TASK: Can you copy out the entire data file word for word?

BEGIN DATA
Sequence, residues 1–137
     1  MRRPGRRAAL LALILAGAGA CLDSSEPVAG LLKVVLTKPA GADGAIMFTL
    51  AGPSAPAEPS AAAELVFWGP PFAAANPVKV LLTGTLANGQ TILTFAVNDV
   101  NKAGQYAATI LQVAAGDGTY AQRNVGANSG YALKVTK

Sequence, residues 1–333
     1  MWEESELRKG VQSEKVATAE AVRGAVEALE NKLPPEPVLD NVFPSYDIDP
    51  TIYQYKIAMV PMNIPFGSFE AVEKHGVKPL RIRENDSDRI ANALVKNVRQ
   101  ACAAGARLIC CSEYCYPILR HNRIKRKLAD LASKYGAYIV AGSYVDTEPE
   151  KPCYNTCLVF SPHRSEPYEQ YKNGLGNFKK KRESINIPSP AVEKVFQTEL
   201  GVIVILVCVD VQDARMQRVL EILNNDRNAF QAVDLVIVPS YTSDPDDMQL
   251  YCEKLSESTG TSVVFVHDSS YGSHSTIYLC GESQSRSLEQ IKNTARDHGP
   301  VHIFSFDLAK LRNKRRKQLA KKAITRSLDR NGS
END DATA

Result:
Sequence, residues 1–137
     1  MRRPGRRAAL LALILAGAGA CLDSSEPVAG LLKVVLTKPA GADGAIMFTL
    51  AGPSAPAEPS AAAELVFWGP PFAAANPVKV LLTGTLANGQ TILTFAVNDV
   101  NKAGQYAATI LQVAAGDGTY AQRNVGANSG YALKVTK

Sequence, residues 1–333
     1  MWEESELRKG VQSEKVATAE AVRGAVEALE NKLPPEPVLD NVFPSYDIDP
    51  TIYQYKIAMV PMNIPFGSFE AVEKHGVKPL RIRENDSDRI ANALVKNVRQ
   101  ACAAGARLIC CSEYCYPILR HNRIKRKLAD LASKYGAYIV AGSYVDTEPE
   151  KPCYNTCLVF SPHRSEPYEQ YKNGLGNFKK KRESINIPSP AVEKVFQTEL
   201  GVIVILVCVD VQDARMQRVL EILNNDRNAF QAVDLVIVPS YTSDPDDMQL
   251  YCEKLSESTG TSVVFVHDSS YGSHSTIYLC GESQSRSLEQ IKNTARDHGP
   301  VHIFSFDLAK LRNKRRKQLA KKAITRSLDR NGS